The voting for the 2017 NBA All-Star game opened up this past week. I know most of us are pretty burned-out and jaded about the whole “voting” concept this year, but rest assured, there is no electoral college in the NBA. It’s important that your NBA voice be heard, so I’m out here on the campaign trail in support of Gordon Hayward representing the Utah Jazz in this season’s All-Star game. By campaign trail, I mean my neighborhood Starbucks and my MacBook.
In the past two seasons, Hayward has lingered around the conversation for All-Star selection, but he's yet to actually make it. During that time, he’s been more of what I like to call ‘First Team All-Fringe.’ Just teetering on the edge of being All-Star worthy.
It’s not entirely his fault; the West is just too stacked at forward to constitute an All-Star spot for a player averaging below 20 ppg. Also, people voted Kobe Bryant in the one year he didn't deserve it, becoming overly emotional and conveniently forgetting they spent 20 years hating him.
But Hayward has hit a new high this season, which has sparked a more serious conversation about his candidacy for All-Star selection.
Before we continue, let’s all come to an agreement that All-Star players are selected primarily for their offensive presence. It’s why this article doesn’t have anything to do with Rudy Gobert. Voting for defense in an All-Star game is like voting for Gary Johnson.
Okay, two election quips is enough — you get the point.
So far this season, Hayward has put up a career high average of 22.4 points across 25 games on a very efficient .448. This puts him at 17th best in points per game and right on that All-Star level threshold.
In a season mired with injuries (including his own), Hayward has been the catalyst on offense for the Jazz. The Jazz started the season without him at just 3-3, and many fans began to question if we had all overrated this team. But from the moment Hayward debuted in MSG and dropped in 28 to lead the Jazz over a tight win against the Knicks, it was clear that this offense was going to go as far as he could push it.
That being said, Hayward still hasn’t had a big break-out performance or many heart-stopping plays, and most of his best performances have come against lower ranking defensive teams. In addition, being on the Jazz doesn’t do him any favors, as the casual fan has yet to take notice of how good this team actually is.
So for those reasons, it’s difficult to claim that Hayward should win the fan vote to give him a starting spot in the ASG. But as far as being selected as a reserve player, he should be a no-brainer.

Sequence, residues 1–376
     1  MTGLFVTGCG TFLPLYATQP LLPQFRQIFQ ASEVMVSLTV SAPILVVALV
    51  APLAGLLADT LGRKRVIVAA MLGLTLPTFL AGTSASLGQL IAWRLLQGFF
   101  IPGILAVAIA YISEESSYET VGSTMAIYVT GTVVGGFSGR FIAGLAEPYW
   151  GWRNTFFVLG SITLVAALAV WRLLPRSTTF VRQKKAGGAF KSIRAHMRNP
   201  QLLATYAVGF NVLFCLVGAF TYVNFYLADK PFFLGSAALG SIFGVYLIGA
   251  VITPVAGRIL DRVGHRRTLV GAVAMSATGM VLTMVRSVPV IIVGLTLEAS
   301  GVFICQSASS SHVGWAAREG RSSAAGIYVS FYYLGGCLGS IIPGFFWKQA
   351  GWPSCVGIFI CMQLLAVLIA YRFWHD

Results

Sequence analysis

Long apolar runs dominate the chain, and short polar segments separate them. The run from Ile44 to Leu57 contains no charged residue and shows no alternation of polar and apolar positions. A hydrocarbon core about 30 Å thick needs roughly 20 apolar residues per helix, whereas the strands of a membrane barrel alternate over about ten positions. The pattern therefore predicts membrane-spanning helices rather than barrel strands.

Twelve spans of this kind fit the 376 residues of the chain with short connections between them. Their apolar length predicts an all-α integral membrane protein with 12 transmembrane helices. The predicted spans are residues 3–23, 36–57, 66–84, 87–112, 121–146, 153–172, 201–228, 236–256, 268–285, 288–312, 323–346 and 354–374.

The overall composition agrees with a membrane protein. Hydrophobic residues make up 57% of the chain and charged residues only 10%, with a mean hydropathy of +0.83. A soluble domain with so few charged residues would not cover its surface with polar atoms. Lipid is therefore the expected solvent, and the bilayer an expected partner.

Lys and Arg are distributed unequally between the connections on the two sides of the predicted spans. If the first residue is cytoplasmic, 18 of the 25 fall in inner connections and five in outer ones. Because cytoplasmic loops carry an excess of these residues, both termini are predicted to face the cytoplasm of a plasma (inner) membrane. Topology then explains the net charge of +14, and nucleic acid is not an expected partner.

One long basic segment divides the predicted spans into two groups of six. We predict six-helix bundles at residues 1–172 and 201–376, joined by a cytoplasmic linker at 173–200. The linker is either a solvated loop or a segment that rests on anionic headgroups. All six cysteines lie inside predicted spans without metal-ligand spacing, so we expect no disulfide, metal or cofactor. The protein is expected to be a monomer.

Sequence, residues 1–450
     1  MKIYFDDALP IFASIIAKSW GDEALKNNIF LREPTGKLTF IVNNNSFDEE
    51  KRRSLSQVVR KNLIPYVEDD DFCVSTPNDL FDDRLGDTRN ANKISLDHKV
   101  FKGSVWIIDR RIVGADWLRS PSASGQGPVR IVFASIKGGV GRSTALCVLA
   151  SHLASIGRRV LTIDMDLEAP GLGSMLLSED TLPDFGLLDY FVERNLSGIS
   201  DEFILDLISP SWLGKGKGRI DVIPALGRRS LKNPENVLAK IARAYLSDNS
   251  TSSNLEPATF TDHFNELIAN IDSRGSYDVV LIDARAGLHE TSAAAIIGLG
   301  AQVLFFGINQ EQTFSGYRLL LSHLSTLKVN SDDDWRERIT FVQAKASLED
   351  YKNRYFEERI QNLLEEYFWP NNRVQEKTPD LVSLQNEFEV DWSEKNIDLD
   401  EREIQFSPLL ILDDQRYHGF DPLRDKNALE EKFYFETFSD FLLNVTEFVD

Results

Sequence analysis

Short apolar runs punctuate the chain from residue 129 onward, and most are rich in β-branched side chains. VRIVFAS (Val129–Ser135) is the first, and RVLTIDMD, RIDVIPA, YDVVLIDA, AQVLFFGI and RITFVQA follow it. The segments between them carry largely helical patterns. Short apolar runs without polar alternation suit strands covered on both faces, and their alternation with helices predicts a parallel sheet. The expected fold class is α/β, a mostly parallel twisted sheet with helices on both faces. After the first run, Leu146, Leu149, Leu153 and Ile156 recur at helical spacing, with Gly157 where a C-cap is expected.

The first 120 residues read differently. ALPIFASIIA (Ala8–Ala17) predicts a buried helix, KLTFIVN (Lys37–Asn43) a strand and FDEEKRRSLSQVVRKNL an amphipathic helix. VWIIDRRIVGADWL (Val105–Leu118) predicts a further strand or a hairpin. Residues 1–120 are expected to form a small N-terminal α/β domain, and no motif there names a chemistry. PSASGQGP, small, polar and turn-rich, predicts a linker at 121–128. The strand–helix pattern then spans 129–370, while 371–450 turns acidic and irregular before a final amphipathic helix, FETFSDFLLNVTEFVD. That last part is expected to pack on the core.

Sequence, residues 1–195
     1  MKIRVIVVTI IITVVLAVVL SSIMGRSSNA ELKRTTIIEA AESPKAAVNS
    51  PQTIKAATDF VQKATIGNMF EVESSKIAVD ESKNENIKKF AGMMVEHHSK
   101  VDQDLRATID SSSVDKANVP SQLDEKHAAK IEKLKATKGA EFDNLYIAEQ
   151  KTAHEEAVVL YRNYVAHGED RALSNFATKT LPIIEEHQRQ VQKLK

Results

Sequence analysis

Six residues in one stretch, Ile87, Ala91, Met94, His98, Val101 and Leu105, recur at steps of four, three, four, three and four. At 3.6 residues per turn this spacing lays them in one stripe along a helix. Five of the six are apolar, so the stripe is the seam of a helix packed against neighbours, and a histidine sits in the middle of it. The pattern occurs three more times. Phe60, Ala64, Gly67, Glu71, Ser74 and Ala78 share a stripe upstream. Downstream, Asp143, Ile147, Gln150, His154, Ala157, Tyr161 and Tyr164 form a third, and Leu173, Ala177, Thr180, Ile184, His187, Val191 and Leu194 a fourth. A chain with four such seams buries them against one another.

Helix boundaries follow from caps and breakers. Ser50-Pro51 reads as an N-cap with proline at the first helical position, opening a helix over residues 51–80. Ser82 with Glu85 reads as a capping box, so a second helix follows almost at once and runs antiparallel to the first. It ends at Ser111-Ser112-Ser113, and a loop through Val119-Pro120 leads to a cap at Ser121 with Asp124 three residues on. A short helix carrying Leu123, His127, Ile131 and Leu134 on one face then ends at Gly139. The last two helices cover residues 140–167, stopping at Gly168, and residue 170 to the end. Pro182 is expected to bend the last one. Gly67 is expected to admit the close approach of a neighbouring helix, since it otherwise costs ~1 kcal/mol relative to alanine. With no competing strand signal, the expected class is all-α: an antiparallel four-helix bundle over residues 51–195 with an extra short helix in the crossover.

Looking back at last year’s western conference All-Star roster, there are already gaps to fill in on the front court this year. Bryant has retired and although LaMarcus Aldridge hasn’t exactly seen a significant drop off statistically, it’s enough to push the idea that someone else should take that spot. It also appears that age is setting in on LMA, as he’s not as efficient as last year.
In a similar fashion, Draymond Green has actually had his numbers dip quite a bit, and even though he’s just as efficient as always for the Warriors, he’s easily replaceable on this year’s All-Star team.
It’s plausible to say that we may be seeing one or both of these players left off the roster this year. As far as front court players go, nobody has done more to deserve that spot than Gordon Hayward.
Something like this could mean a lot, both to Hayward and Utah fans. And not just for the novelty aspect of it. There’s a lot of pride and confidence that takes over in a player when he’s selected as an All-Star. It’s the sense of assurance that “I belong here.” For a player like Hayward — who is leading the offense of a team poised to be a competitive playoff team and also looking for all the financial leverage he can acquire going into this off-season — that boost of confidence can do wonders.
The Jazz haven’t had an All-Star representative since Deron Williams in 2011. Williams was traded to the Nets just days later. That’s nearly six years without a player from the Jazz being selected. The Timberwolves, Suns, 76ers, Nets, Magic, Kings, Pistons and Pelicans have all had players selected to the ASG in this time span.
The last time the Jazz had an All-Star representative, New Orleans was still the Hornets, and that makes me sick. To clarify — the fact that we actually allowed New Orleans to be the Hornets makes me sick.
The only other franchises to not have an All-Star representative during this time are Milwaukee and Charlotte, and we can expect that to change thanks to Giannis Antetokounmpo and Kemba Walker. So why not the Jazz? Why not Gordon Hayward?